Vice is the new film by Adam McKay, director and screenwriter of “The Big Short”. In this new biographical film he talks about Dick Cheney, vice president of the Bush administration, famous for being the most powerful veep of all time, as well as one of the least loved politicians in history. Here is the review.
Vice is a satire that, in my opinion, gets better with the development of the film. The film begins with September 11 and then shows almost everything in flashback to tell us all the political life of Cheney up, in fact, to 11 September and then arrive almost to the present day.
Precisely for this reason the satirical element is late in coming, but becomes stronger as the film progresses. And I liked this very much.
Along with this satire there is also a dramatic and critical element and mix well. McKay’s screenplay manages to summon the life of Cheney, a critique of American politics, a criticism of the Americans and, in order not to miss anything, he ironizes them all. But it’s a subtle irony. It is not a film that makes you laugh with laughter, because that is not the purpose of satire. It has another, that is using irony to invite reflection.
And that’s why I invite you to watch this movie. Because Vice shows us what can happen when incompetent and ignorant people are in power, and how they get there, more. I would say that it is a current topic more than ever.
I really liked the ending, where we see a break of the fourth wall and there is a great dialogue. And I also loved the post-credit scene, which is funny and teases the same film. So stay for the credits.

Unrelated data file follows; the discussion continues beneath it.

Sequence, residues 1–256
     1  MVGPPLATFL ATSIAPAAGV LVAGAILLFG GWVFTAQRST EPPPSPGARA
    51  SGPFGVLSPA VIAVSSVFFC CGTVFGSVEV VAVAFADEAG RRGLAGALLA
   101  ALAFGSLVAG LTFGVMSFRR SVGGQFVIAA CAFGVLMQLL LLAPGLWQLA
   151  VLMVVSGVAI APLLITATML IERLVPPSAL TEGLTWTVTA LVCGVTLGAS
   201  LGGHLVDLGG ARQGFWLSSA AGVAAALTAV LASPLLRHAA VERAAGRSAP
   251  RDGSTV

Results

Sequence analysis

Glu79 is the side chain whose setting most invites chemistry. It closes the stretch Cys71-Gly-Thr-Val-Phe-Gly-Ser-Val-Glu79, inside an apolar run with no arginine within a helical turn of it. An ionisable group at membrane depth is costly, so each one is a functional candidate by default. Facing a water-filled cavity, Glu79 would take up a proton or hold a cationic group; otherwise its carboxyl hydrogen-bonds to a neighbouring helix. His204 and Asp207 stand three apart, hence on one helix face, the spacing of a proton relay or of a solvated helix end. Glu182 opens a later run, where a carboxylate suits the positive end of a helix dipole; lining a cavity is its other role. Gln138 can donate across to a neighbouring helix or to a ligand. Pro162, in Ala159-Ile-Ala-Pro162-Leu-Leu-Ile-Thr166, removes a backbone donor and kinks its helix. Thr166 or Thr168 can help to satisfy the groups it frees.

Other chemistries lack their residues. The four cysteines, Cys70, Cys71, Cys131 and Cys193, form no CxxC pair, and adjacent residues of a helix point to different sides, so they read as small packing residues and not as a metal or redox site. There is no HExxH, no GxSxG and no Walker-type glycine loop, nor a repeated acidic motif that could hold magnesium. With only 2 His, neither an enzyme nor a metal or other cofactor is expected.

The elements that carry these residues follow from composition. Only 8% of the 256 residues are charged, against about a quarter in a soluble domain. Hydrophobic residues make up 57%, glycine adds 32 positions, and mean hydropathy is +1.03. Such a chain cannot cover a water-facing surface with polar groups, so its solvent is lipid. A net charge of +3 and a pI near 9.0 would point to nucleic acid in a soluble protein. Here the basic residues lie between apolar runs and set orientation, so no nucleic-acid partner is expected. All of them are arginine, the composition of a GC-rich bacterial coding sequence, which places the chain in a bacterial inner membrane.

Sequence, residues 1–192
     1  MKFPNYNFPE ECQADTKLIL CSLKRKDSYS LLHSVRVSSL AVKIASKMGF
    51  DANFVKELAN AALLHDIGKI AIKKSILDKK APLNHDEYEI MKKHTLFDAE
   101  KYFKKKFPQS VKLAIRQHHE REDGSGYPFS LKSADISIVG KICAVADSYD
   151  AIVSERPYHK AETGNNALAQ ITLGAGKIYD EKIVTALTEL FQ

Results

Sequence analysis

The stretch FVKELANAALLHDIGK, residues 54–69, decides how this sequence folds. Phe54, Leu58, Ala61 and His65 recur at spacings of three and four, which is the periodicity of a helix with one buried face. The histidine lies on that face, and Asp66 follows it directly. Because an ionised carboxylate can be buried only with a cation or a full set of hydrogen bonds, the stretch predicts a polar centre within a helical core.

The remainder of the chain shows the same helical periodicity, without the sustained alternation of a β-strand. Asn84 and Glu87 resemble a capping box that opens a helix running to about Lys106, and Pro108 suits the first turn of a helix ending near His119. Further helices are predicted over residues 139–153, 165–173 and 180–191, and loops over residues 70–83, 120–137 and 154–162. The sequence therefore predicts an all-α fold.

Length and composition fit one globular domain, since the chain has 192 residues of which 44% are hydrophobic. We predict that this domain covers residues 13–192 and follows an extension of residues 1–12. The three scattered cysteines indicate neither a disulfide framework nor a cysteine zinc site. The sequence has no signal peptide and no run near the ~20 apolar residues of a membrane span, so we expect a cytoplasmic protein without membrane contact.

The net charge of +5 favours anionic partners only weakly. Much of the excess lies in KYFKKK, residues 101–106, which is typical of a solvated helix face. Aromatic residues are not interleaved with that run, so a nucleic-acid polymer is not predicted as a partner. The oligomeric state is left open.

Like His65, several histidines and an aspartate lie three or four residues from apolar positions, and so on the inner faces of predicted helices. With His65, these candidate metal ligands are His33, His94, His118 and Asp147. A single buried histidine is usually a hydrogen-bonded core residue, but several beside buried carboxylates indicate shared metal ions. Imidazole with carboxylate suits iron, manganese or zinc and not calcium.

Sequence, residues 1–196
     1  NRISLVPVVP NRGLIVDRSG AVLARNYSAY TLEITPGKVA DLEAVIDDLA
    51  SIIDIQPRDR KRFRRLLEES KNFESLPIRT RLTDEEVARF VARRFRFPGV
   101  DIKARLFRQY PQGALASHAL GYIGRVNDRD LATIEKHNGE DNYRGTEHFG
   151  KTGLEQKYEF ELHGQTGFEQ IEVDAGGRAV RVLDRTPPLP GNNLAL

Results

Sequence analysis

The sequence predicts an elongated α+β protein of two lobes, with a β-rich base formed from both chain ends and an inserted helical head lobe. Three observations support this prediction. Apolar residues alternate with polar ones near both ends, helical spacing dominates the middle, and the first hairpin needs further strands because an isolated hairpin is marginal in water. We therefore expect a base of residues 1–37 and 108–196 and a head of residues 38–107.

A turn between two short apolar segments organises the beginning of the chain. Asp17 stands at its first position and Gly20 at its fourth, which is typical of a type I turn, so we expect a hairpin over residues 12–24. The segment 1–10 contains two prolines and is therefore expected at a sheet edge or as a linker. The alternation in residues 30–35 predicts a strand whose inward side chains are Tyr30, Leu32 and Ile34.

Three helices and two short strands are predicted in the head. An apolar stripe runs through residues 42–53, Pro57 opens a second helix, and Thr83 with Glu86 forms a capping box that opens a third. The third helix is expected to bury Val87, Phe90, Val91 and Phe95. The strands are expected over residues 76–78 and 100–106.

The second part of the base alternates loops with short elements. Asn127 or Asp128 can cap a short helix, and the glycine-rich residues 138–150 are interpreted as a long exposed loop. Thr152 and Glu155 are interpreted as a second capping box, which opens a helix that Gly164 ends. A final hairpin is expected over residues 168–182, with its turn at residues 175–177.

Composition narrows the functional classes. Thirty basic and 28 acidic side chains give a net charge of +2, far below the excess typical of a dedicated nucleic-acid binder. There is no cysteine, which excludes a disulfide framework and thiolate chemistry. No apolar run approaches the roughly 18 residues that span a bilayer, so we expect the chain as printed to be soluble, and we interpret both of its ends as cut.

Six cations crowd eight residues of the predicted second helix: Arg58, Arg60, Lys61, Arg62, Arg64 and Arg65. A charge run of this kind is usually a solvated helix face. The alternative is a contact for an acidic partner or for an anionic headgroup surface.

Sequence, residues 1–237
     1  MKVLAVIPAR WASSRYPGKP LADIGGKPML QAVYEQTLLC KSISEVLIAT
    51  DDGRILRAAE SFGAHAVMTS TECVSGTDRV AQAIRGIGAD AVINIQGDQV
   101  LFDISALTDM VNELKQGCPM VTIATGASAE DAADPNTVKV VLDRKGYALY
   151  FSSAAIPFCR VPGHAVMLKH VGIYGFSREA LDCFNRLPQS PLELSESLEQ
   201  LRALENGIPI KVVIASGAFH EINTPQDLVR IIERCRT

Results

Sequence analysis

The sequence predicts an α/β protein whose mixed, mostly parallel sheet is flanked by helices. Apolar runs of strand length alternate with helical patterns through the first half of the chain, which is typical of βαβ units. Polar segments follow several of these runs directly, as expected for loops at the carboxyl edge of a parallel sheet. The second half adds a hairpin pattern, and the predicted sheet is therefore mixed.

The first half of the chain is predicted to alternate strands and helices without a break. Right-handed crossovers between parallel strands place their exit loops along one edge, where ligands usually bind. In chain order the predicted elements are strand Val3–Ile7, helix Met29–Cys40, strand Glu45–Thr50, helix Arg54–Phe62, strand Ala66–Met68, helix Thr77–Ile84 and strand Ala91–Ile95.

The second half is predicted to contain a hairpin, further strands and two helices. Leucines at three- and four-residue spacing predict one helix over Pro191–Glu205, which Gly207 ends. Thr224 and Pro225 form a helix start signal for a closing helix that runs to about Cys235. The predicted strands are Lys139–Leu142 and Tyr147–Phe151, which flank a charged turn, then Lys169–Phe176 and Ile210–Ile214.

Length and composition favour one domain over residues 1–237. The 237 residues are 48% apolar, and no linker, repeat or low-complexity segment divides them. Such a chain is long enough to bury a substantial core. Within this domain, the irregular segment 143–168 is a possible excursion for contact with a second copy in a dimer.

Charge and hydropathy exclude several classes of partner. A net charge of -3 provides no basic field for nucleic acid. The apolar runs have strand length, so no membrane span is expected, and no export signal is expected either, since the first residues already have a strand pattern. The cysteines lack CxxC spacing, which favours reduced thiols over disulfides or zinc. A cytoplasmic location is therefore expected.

I did not like the use of the narrator. In itself the idea of the narrator – or his identity – is pretty, almost brilliant I would dare to say, but there are whole parts where he talks a lot. I hate pretty much the explanations and in this film there are many. I would have preferred that he spoke less and that we could see more. Fortunately, in the second part he is much less present.
The film is not surprisingly filmed. If I have to see McKay’s directing in Vice and in The Big Short, the latter wins absolutely. In my opinion, McKay was a bit confused. He wanted to do too much trying to put too many directorial styles in a single film and it didn’t work so much that he uses fading very often when the tones change, a choice that I absolutely do not agree with.
The technical department is very good. An excellent make up (Bale was unrecognizable), an editing that did what it could and beautiful production designs.
The real strength of the film lies in the cast. The best Bale I have ever seen, an Amy Adams as good as ever, an extraordinary Sam Rockwell, Steve Carell who gives us his best performance since Foxcatcher, Tyler Perry who plays well in a dramatic role. Exceptional cast that has greatly elevated the quality of the film.
Vice is a film to be seen more for the purpose than for its real cinematic success, which however is not poor, but average.
So the review ends. And now it’s your turn. Have you seen Vice? What do you think? Will you go see it? Write down everything in the comments. If you liked the review, share it and follow the blog, or through your e-mail, or on social media (Twitter and Facebook). Thanks and see you next time.